Beastie Boys Book Re-creates the Pleasures of the Group’s Best Albums

It’s freewheeling, collaborative, revelatory, and brimming with gags.

MCA, Mike D, and Ad-Rock of the Beastie Boys.
Adam Yauch (MCA), Mike Diamond (Mike D), and Adam Horovitz (Ad-Rock) of the Beastie Boys at the B. Smith’s restaurant in New York City. Ron Galella, Ltd./WireImage

Beginning on the 431st page of the new Beastie Boys Book—still much more than a hundred pages away from the book’s end—there is a 16-page cookbook courtesy of renowned Los Angeles chef Roy Choi. It is an actual cookbook, vaguely inspired by lyrics from Paul’s Boutique, with recipes for chicken gizzard tacos, barbecue grilled cheese sandwiches, and clams and tartar sauce. Like all the best parts of Beastie Boys Book—like all the best parts of the Beastie Boys’ entire career, really—the cookbook comes out of nowhere. It’s not set up or even really introduced in any way, and it’s on a completely different glossy page material from the rest of the book, with different typefaces and bright color photos. I have not cooked any of the recipes yet, but I will, and I trust they will be delicious, because the Beastie Boys have never steered me toward anything less than that.

Beastie Boys Book is massive. On the kitchen scale upon which I’ll soon be piling chicken gizzards, it weighs in at nearly 3.5 pounds. There are probably people who will say that it is too long, but I hope to never meet any of them. It’s hilarious, revelatory, minimally coherent, and entirely intoxicating. The tome is structured as a series of back-and-forths between the group’s two surviving members, Adam Horovitz, aka the King Ad-Rock, and Michael Diamond, aka Mike D. In between are occasional interludes by friends of the band such as critic Luc Sante, the late DJ Anita Sarko, author Colson Whitehead, ex-Beastie Kate Schellenbach, comedian Amy Poehler, and fashion journalist André Leon Talley. One of the hallmarks of the Beastie Boys’ musical style was a give-and-take flow among the group’s three members that was really a holdover from an earlier period of hip-hop: The group usually eschewed the model of each member taking a prolonged verse in favor of trading smaller fragments, often of just a few bars a piece, finishing each other’s rhymes and piling onto accent words, the preferred style of early groups like the Cold Crush Brothers, the Treacherous Three, and, most famously, Run-DMC. The structure of Beastie Boys Book evokes this, with Horovitz and Diamond telling the group’s story by trading short chapters and occasionally even jumping into each other’s narratives with asides, interjections, and loads and loads of jokes.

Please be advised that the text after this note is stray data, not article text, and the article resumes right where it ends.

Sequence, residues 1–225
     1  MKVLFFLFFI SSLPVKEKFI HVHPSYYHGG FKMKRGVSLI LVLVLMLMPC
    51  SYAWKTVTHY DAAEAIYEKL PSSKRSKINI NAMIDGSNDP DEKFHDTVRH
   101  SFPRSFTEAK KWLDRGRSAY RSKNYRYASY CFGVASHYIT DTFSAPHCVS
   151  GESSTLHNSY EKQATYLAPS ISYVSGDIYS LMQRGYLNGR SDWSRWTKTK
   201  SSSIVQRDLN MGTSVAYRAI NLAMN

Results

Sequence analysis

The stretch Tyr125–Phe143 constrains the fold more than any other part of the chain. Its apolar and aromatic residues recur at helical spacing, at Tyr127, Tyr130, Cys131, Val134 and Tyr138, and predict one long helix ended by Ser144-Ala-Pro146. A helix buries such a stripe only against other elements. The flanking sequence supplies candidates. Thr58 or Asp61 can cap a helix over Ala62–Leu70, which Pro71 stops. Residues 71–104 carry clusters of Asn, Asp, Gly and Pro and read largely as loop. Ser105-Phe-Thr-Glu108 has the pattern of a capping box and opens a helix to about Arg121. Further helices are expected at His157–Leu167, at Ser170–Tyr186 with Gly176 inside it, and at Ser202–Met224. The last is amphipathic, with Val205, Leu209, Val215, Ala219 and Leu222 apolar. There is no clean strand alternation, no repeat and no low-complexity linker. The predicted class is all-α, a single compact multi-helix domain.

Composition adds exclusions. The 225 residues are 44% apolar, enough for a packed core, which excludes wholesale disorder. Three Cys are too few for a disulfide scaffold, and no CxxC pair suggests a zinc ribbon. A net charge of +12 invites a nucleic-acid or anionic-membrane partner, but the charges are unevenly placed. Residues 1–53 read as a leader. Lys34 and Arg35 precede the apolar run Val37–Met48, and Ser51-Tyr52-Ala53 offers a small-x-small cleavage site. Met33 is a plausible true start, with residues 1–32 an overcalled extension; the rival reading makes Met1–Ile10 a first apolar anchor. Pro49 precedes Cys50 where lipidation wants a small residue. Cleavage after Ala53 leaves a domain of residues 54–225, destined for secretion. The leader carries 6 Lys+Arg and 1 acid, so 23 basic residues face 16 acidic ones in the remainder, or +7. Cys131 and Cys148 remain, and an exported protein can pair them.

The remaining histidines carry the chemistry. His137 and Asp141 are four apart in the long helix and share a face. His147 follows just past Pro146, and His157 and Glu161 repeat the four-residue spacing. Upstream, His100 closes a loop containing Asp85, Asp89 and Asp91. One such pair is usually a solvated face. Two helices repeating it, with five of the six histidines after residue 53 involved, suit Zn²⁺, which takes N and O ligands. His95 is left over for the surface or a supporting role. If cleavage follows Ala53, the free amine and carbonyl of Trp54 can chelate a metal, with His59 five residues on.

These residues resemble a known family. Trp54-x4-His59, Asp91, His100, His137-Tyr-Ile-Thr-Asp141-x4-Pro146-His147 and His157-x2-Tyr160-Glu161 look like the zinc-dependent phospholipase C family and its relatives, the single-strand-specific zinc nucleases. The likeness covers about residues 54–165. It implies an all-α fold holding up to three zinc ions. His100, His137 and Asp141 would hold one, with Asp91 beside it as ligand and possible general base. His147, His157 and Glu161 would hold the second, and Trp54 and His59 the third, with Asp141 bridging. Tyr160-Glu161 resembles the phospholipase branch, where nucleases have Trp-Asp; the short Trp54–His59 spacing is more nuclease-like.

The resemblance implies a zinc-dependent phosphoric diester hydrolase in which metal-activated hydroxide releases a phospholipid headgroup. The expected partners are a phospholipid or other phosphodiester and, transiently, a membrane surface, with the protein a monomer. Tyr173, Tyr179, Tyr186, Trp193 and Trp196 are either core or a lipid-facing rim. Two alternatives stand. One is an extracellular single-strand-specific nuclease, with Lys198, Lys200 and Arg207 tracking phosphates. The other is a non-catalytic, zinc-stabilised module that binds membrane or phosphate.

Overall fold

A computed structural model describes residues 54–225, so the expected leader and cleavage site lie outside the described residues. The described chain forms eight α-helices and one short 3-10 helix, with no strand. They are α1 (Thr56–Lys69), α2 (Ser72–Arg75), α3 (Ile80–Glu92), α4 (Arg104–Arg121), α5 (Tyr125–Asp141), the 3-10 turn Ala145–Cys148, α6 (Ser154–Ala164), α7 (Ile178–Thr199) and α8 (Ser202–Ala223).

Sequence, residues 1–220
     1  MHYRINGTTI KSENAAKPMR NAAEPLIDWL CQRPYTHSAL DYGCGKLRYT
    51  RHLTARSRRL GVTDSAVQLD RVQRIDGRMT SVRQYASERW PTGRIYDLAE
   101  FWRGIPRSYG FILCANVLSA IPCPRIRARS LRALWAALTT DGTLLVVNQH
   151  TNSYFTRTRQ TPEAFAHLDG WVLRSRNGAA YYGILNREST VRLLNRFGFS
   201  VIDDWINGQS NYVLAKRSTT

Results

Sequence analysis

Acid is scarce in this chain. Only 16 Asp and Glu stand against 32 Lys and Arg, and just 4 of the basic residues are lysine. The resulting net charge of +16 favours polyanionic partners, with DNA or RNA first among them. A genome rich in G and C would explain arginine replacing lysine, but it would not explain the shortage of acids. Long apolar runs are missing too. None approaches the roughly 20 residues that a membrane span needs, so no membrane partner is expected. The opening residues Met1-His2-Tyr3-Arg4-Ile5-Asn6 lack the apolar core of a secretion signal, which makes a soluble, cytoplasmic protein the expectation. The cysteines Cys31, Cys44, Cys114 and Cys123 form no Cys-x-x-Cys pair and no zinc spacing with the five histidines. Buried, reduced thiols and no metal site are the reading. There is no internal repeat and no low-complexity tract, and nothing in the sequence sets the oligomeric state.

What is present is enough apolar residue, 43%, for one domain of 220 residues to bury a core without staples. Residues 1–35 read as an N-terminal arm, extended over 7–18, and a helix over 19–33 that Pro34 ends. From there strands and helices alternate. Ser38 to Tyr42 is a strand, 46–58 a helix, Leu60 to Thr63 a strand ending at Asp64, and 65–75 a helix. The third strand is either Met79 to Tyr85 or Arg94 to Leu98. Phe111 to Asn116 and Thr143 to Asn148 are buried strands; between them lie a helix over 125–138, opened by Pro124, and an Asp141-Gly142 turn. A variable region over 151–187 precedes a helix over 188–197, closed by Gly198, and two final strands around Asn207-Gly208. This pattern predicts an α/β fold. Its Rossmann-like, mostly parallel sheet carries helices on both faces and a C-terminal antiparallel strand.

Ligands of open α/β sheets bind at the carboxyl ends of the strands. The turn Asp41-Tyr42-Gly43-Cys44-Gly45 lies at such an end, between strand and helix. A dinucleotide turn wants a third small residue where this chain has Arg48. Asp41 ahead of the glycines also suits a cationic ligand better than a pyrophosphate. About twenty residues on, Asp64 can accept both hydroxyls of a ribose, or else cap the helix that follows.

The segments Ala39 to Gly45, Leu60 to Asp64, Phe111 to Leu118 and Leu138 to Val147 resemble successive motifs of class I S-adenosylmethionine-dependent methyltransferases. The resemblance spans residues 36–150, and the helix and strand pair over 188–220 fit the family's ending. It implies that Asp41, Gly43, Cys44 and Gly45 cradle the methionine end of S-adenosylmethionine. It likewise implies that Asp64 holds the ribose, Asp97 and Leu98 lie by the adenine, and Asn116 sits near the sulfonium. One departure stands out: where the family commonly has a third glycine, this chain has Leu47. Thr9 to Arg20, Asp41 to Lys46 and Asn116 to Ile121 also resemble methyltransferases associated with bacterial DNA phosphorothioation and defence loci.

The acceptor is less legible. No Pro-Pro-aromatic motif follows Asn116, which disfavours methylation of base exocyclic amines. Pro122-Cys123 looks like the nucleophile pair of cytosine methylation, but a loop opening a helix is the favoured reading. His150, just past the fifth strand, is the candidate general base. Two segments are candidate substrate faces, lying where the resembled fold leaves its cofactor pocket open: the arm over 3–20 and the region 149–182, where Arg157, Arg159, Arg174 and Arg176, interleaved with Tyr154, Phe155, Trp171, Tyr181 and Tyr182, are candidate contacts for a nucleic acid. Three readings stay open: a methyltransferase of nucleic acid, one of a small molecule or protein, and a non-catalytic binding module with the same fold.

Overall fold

The cumulative effect of all of this is one of the most profoundly generous musical autobiographies I’ve ever read. Beastie Boys Book isn’t a mythmaking project or a myth-preserving one, and if this sounds improbable for a nearly 600-page book about a band written by two of the members of that band, consider the fact that Licensed to Ill doesn’t even come out until over 200 pages into things. The book’s first third is a love letter to New York’s early 1980s punk, hardcore, and hip-hop scenes, full of tributes, elegies, and reminiscences on people and places that many of the millions upon millions of people who’ve bought Beastie Boys records have probably never heard of. The book is most poignant when Horovitz and Diamond are writing about folks other than themselves, which feels like most of the time. In a chapter on their friend Donna Lee Parsons, a crucial early influence on the band who, like many in these pages, died far too young, Diamond remembers a fleeting reunion with Parsons in 1987, at the height of Licensed to Ill fame, then laments being “total drunk fuck-ups in 1987 [who] didn’t really know how to communicate things like feelings and phone numbers.” It’s a quick turn of phrase for those relationships that, when you’re young and the world is small, seem like they’ll be there forever, until one day they aren’t.

Looming over everything, still and always, is the absence of the late Adam Yauch, aka MCA, who died from cancer in 2012. Yauch was the band’s heartbeat and its conscience, the spiritual center who forced his bandmates to grow up at the same time that he was keeping them young. It was Yauch who organized the massively successful Tibetan Freedom Concerts of the late 1990s, who came up with the bass line to “Sabotage,” who introduced the world to the pioneering work of Swiss New Wave filmmaker Nathanial Hörnblowér. “Too fucking sad to write about,” declares Horovitz near the book’s end, a statement made all the more powerful by all the times both men write beautifully about their friend over the course of this book, including the book’s introduction, an elegy to Yauch penned by Horovitz himself.